Surfing Celtic Sea
It was a fast and demanding first night for the 44 skippers racing the final leg of the 2010 Solitaire du Figaro averaging speeds of more than 11 knots in 20-25 knot winds gusting to more than 30.
In the traditional midday radio show, all the skippers spoke of the fun and excitement sailing downwind full power with spinnaker up, at plus knots in identical boats, with their competitors just metres away.
Despite not featuring in the latest position report at 16:00, Armel Le Cleac’h and BritAir is assumed to still be leading once again showing exceptional control of the race. If this is the case then immediately behind him is Corentin Douguet on E.Leclerc Mobile with 231 miles to go and Eric Péron on Skipper Macif 2009 and François Gabart on Skipper Macif 2010, just 0.2 miles, or 370 metres away!
“The first part of the race was all right," recounted Le Cleac'h. "As for now we’re heading right for Brittany on port gybe, still a good breeze. It’s fast - I don’t know if the others have gybed yet and are further east… We had some nice surfing, at 18 knots and the wind shifted a bit and we’ve a terrific angle to go full speed: we’re always above 11 knots, right now 14/15. For the Channel crossing I guess the wind is going to decrease a little and veer west, but it’s going to be full downwind with some gybing. I’m in a pack of four or five boats - we’re close and I need to focus on boat’s speed, keeping the pace. I think I dozed off earlier this morning but sailing fast keeps you focussed at the helm. I keep vigilant not to break the spinnaker or anything on board.”
As forecast the wind has eased to a more manageable 15 knots over the course of the afternoon. The fleet is now looking for the right place to gybe, probably between 2000 and midnight tonight in order to lay the Lizen Ven mark, just off the Ile Vierge. This they are expected to reach between midnight and 08:00 tomorrow. From here it will become clearer who made the best option prior for the final 140 miles along the northern coast of Brittany and through the Channel Islands to Cherbourg -Octeville, where the leaders are expected to finish on Wednesday late afternoon.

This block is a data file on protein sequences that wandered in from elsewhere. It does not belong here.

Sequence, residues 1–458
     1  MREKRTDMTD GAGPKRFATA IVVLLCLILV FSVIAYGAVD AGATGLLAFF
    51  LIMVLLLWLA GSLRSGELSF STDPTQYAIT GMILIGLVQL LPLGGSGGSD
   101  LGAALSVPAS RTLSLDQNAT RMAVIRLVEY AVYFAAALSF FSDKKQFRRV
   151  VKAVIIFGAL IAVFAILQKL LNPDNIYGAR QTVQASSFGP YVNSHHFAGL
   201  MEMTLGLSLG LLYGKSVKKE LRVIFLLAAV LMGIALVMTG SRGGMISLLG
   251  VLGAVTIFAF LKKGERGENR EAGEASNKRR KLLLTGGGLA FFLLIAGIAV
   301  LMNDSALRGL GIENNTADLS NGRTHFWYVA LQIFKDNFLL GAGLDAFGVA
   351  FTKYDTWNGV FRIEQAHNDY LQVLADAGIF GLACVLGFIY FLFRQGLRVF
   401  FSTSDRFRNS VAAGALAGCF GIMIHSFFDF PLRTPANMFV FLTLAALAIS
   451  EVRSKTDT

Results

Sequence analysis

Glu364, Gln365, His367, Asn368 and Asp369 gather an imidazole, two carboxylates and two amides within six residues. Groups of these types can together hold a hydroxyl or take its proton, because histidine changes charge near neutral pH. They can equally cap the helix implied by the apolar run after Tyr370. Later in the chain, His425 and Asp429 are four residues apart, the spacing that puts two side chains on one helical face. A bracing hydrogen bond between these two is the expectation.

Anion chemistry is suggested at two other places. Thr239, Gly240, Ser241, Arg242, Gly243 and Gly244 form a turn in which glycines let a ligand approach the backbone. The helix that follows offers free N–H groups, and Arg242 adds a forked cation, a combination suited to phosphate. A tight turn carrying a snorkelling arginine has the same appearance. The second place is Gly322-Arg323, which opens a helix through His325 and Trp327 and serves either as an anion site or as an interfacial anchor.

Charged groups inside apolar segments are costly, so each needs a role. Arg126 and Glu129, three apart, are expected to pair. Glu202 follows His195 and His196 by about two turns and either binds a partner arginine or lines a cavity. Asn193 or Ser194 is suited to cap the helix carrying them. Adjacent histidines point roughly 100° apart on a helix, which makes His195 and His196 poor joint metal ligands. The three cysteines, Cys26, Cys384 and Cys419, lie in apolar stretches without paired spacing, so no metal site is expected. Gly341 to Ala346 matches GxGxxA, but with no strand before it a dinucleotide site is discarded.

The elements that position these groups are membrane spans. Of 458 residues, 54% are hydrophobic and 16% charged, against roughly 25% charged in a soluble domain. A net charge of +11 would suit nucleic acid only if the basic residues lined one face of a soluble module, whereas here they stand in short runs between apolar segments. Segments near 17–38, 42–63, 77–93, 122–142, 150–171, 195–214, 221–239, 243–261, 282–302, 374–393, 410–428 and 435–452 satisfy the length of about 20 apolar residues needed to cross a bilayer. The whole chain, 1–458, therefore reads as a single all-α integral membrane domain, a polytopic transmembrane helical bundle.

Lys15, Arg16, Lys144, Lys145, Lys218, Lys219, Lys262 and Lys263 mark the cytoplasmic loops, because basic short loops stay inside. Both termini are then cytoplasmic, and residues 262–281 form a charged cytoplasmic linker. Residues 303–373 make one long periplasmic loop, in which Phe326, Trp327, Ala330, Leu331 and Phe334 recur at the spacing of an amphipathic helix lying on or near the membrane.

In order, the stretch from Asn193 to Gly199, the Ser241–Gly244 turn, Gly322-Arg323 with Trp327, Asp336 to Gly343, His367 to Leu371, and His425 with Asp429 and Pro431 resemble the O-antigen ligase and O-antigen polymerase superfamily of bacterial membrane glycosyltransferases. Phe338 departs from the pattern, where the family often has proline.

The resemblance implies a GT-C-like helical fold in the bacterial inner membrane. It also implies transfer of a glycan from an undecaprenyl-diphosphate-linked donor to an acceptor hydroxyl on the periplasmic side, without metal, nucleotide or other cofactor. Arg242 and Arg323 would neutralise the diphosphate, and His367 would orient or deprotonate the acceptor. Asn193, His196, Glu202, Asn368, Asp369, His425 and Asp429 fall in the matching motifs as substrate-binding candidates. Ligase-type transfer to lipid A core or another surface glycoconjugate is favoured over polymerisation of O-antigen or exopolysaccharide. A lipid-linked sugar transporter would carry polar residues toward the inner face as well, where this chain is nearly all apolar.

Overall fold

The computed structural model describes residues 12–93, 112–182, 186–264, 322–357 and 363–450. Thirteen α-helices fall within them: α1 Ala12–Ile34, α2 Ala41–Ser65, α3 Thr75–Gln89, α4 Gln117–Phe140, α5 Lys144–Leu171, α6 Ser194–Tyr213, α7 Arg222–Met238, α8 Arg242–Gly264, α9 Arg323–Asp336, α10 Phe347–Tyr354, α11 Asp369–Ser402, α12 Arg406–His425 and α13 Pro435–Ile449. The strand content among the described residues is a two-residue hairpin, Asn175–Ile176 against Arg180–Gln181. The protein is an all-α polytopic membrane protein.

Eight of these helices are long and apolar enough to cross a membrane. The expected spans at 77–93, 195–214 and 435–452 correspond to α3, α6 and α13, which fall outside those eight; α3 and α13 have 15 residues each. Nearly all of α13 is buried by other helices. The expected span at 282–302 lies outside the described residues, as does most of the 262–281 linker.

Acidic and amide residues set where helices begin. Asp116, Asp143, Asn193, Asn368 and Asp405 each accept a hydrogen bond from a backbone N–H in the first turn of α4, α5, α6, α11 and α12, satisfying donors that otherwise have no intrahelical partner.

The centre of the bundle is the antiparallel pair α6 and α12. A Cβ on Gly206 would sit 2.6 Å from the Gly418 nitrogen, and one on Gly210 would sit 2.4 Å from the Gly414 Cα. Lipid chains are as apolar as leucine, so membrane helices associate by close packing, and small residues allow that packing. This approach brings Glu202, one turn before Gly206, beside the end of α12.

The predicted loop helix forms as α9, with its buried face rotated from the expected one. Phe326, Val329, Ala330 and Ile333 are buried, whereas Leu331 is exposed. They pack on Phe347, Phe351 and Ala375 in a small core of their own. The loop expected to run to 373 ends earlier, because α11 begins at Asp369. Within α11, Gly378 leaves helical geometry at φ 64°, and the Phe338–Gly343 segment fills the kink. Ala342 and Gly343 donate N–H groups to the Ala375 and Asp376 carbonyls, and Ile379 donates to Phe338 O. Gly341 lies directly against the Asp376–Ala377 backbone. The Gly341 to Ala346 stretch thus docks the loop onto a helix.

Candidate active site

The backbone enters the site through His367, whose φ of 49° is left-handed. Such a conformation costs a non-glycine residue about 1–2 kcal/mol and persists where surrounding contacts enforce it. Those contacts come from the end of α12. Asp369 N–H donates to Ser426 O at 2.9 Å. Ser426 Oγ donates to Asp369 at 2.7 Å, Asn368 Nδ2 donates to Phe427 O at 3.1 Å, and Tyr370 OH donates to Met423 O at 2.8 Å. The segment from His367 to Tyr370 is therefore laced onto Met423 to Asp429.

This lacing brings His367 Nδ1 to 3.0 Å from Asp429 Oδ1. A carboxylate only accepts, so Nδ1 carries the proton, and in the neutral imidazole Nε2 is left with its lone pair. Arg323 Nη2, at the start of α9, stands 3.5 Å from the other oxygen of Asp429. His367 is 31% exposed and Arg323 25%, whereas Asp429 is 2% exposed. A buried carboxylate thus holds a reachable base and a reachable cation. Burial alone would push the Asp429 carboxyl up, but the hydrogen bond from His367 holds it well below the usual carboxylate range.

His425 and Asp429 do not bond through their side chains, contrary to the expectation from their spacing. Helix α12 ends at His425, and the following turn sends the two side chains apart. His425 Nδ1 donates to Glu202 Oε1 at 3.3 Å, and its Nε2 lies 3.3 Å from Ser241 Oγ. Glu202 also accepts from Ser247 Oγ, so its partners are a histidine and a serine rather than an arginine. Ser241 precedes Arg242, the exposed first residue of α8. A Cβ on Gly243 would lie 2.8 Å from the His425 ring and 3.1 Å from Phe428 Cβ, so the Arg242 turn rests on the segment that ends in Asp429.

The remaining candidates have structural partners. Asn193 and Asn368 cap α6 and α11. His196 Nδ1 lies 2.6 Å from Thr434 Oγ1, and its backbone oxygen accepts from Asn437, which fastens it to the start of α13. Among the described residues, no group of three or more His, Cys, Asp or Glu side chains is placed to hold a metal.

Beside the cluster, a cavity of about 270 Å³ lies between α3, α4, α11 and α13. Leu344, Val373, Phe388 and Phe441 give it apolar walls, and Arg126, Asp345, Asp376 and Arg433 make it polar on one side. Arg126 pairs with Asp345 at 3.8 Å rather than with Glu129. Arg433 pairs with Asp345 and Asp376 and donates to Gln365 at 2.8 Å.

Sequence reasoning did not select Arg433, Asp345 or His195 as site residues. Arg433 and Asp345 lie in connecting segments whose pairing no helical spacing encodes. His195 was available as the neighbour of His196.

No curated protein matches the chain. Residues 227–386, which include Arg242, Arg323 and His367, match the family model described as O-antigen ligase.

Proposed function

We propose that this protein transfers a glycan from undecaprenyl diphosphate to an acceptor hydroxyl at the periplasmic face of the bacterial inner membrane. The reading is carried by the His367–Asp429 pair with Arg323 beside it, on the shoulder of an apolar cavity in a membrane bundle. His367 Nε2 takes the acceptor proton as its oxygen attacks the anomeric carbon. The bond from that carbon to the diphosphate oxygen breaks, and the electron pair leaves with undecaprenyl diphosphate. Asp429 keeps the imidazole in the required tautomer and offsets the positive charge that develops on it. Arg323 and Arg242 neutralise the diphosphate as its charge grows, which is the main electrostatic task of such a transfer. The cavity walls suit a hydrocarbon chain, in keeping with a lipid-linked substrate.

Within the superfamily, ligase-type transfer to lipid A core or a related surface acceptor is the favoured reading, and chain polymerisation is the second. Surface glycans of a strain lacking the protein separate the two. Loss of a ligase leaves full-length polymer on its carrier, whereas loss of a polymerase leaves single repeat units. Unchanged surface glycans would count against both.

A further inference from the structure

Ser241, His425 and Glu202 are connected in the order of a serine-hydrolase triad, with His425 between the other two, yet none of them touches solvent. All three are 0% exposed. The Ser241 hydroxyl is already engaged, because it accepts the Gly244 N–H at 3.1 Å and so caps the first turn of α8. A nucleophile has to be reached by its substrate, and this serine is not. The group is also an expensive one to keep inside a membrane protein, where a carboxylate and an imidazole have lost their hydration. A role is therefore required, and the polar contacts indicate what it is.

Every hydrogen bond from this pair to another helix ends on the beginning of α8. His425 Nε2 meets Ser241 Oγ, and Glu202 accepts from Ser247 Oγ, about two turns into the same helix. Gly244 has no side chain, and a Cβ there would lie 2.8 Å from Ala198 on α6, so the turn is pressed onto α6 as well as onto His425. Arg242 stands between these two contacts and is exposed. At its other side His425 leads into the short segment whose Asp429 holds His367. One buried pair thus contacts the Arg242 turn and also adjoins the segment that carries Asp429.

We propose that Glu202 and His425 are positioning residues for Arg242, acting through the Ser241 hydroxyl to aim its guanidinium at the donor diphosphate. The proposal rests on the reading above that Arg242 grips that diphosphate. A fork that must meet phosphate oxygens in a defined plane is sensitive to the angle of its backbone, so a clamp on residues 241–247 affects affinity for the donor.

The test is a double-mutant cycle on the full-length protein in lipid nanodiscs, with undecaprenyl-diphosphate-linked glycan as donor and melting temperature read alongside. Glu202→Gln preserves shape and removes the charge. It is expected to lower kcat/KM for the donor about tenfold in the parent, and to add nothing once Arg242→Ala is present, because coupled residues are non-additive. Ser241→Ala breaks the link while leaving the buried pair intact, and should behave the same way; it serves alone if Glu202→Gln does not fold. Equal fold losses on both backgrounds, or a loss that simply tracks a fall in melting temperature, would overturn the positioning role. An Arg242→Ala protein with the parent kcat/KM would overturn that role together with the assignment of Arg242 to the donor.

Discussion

Sébastien Josse on Vendée reported: “We’re surfing at 10 to 16 knots, it’s nice, the front is gone there’s quite a big swell but it’s a bit less confused now on port. Life is beautiful but it’s not easy to get some rest. You don’t have to look at your speedometer because you feel like you’re flying and then you realise the top speed is only 15 knots… It’s good though, fun. I gybed well and I’m in control, I reckon I even went up two or three places. I have no idea where I am in the fleet, I know there is Erwan Tabarly in front and Nicolas Lunven is half a mile away, Yann Eliès is leeward, but the group is spread out. It’s a tough last leg, I fight. I’ve been having some technical issues, I’ve broken a halyard just minutes ago. It’s like on the second leg when I blew my spinnaker. We’ll see with the new positions but if the wind will keep at around 15 knots I don’t think there will be any huge changes.”
François Gabart reported from Skipper Macif 2010: “I must confess it’s been fun, up to now. I don’t know how the fleet is positioned but I’m sailing in a small group of four boats with Eric Drouglazet, Armel Le Cleac’h Corentin Douguet, we’re fighting against each other. I’m pretty confident and the boat is fast. I was really quick earlier this morning, since then I lost some ground on Armel and Eric.”
Jérémie Beyou reported from BPI: “Not bad, I’m ok. I was sailing fast under spinnaker, behind Armel (Le Cleac’h) and in front of Gabart, I decided to gibe I was at the bow when the autopilot went its own way… result: spinnaker pole into the water, the sail slashed so… If you attack you may break something, that’s it. I managed to repair the big kite, I dried it near the engine, cleaned it with acetone, put some adhesive cloth and hoisted it again. Il look like it’s going to last but it was a bad blow. The game is not over but I’ve been so busy I couldn’t sit down at the nav station for a long time. The current is going to be crucial. The leaders may fall into a lower wind area, up there in front. I can still see them so I have to be hopeful. I haven’t slept much since the start and, maybe, if the weather is a bit better I can have a short nap. That would be good, if I don’t rest next night could be tough!
Elsewhere in the fleet the young Portuguese skipper, Francisco Lobato on ROFF/TEMPO-TEAM and the Italian, Pietro D’Alì on I.NOVA.3 showed excellent speed and strategy lying in fifth and seventh palcesrespectively, while Jonny Malbon on Artemis was 33rd and Isabelle Joschke on Synergie, 37th.